In the very first post that I wrote for this class, I said, “I’m scared of these things called “trolls.“” After completing the readings for this week, I’ve realized why I have these fears, particularly as a woman. According to an Australian study, 76% of women under the age of 30 experience harassment that ranges from “unwanted contact, trolling, and cyberbullying to sexual harassment and threats of rape and death.” It makes sense then, that one of my primary concerns of putting myself out there online, would be that I would become the target of trolls, especially if I took a stand for social justice issues. Katia Hildebrandt is one such lady who challenged white supremacy and ended up with a “troll army” threatening her. You can hear more her story by checking out her blog post #PrivilegeGate, or, How I Unwittingly Provoked a Troll Army. It’s as scary as the fairytales in which a young girl tries to pass over a bridge guarded by a troll.


Matt Rosza suggests a variety of ways that we can change the discourse of “gendered bigotry against women [that] is widely considered to be “in bounds” by Internet commenters (whether they openly acknowledge it or not).”  The final suggestion is that comments must be done by someone who attaches his or her name to the charges and can, thus, be held accountable for them. This aligns with what I wrote about in my blog post about anonymity. Although anonymity and privacy are essential and beneficial in some circumstances, anonymity does allow some users to make comments that they would not normally make in real life. But as John Oliver says, “People say it’s (the internet is) not real life, but it is. And it always has been.

The internet and social media hold the possibility of social change. What will you do the next time you encounter a troll? Will you head home or cross the bridge?


Jam Sesh

This week I met with my best friend, Riley, for a jam session (and some coffee). It was great to play with and for someone else who is already an accomplished guitarist. She showed me some of the things that she has been working on this year, and it was encouraging to hear from her that it takes time to see progress!


After that, It was my turn to played for her. She noticed that the guitar that I’m using has a really wide fretboard, which makes it  difficult for me to switch from one chord to the next, especially because my hands are small. She also said that the fretboard isn’t cut away where it meets the body of the guitar, which is why I’ve been struggling to play the high part at the beginning of “Brown Eyed Girl.” She recommended that I ask a professional about a better guitar if I’m serious about sticking with playing. (I think I am…) I had no idea that I was playing a guitar that was such a bad fit for me, and wouldn’t have learned differently without continuing to be frustrated, or by meeting with another more experienced guitar player. This kind of personal connection definitely makes a difference for this type of learning!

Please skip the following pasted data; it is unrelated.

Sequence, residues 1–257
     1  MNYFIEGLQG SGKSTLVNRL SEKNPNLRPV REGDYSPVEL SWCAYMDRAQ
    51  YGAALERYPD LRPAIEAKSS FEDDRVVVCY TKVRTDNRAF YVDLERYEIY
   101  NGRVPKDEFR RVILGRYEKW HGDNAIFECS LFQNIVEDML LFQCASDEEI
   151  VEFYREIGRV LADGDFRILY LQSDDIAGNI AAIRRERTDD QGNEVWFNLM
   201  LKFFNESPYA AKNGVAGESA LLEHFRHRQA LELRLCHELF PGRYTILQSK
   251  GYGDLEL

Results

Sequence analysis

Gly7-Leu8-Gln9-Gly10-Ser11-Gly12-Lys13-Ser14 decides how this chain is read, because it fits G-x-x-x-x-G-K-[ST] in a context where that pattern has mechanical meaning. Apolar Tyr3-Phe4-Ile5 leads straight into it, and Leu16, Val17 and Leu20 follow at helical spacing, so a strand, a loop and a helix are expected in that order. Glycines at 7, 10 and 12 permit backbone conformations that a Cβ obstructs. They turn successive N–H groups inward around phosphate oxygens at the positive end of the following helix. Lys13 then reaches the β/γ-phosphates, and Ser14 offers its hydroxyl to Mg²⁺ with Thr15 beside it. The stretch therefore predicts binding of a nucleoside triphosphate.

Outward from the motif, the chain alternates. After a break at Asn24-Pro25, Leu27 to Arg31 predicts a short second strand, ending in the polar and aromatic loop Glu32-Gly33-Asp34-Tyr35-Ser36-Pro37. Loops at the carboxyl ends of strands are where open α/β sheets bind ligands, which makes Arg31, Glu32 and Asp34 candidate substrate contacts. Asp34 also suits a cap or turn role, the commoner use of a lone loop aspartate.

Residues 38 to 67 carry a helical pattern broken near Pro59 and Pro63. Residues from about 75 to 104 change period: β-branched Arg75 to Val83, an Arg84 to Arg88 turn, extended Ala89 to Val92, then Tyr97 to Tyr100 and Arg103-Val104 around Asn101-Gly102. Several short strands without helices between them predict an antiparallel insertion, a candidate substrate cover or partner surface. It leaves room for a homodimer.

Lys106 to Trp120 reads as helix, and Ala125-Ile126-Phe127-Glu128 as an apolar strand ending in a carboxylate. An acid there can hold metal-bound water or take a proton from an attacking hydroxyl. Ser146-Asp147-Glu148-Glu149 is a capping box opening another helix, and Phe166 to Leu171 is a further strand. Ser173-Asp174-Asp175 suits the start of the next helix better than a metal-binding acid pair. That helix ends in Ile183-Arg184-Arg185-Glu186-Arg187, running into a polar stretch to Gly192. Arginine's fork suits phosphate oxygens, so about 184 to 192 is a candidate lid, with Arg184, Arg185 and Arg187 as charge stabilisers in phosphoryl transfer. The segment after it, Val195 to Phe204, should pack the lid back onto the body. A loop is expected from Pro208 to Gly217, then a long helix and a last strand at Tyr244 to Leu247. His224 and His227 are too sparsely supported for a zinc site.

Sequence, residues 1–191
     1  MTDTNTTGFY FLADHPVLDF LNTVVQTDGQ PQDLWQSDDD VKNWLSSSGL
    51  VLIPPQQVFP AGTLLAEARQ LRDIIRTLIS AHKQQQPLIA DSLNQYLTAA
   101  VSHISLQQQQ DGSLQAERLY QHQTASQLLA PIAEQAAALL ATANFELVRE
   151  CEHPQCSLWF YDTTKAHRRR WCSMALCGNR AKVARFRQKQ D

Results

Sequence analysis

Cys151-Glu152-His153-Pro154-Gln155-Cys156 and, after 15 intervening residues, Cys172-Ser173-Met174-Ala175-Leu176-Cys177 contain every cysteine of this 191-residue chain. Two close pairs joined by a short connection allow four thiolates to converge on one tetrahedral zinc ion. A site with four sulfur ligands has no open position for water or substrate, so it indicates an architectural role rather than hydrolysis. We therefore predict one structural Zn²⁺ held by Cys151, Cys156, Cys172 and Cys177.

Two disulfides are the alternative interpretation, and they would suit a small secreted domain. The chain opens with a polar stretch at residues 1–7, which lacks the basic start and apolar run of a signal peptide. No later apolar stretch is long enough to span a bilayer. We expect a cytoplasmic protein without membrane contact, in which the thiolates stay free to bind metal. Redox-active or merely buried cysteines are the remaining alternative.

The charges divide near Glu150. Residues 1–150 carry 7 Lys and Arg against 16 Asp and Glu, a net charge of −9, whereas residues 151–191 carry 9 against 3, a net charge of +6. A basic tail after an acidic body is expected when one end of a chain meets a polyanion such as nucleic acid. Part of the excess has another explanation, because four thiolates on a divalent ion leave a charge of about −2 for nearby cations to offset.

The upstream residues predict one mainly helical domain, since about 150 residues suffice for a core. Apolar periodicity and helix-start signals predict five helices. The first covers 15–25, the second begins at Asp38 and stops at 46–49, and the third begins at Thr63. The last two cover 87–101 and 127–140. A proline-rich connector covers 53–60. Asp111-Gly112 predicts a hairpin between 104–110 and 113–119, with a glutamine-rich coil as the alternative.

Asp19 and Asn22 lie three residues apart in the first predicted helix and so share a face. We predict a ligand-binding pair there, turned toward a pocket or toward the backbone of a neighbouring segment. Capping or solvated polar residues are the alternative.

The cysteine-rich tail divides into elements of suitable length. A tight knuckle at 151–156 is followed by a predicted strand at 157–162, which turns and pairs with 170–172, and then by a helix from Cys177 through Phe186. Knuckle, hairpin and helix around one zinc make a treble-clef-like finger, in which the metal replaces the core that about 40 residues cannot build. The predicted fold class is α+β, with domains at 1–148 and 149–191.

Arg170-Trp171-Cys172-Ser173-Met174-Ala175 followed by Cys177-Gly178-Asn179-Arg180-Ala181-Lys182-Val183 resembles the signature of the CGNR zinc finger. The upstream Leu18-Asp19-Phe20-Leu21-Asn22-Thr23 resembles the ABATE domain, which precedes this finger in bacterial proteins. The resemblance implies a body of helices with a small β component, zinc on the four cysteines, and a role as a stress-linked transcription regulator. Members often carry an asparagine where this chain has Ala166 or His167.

I’m still receiving Drue James‘ lesson and tip emails, and this week one of them was particularly fitting to the idea that a music student really benefits from face-to-face interactions with others when learning to play an instrument. He said:

I’ve been teaching beginners for 10 years now and one thing I’m seeing increasing is bad playing habits.

I think it’s because there’s more self taught YouTube guitarists than ever. Being self taught is awesome and without you guys watching my videos life wouldn’t be as much fun. It does have one big disadvantage…

No one is checking your playing and offering you personal feedback. Bad habits can make playing the guitar much harder than it needs to be and it’s easy for them to sneak in when you’re learning by yourself.

The video below has my top 5 bad playing habits. The video not only shows you what you might be doing wrong it also shows you how to correct it.

This video was so helpful, and I wish that I had found Drue James and his videos earlier in my learning journey.

In addition to my jam sesh with Riley and Drue’s email, Logan Petlak’s tweet with a link to “5 Tips on How to Get Your Child to Practice Piano” was also an encouragement to me this week.

Playing vs practicingThe article suggests discussing practice time as “playing” time instead to foster a positive attitude toward learning to play an instrument. The difference between the connotations is substantial. Practicing is hard work. Playing is fun.

The other tip that the article suggests is to create a pleasant environment for playing. This means keeping your instrument in an accessible and comfortable place. I’m going to try to find a better home for my guitar so that I’m tempted to play (not practice!) more often. Let’s do this! I’m excited to share my song with you in a couple of weeks!

Taking The Internet For Granted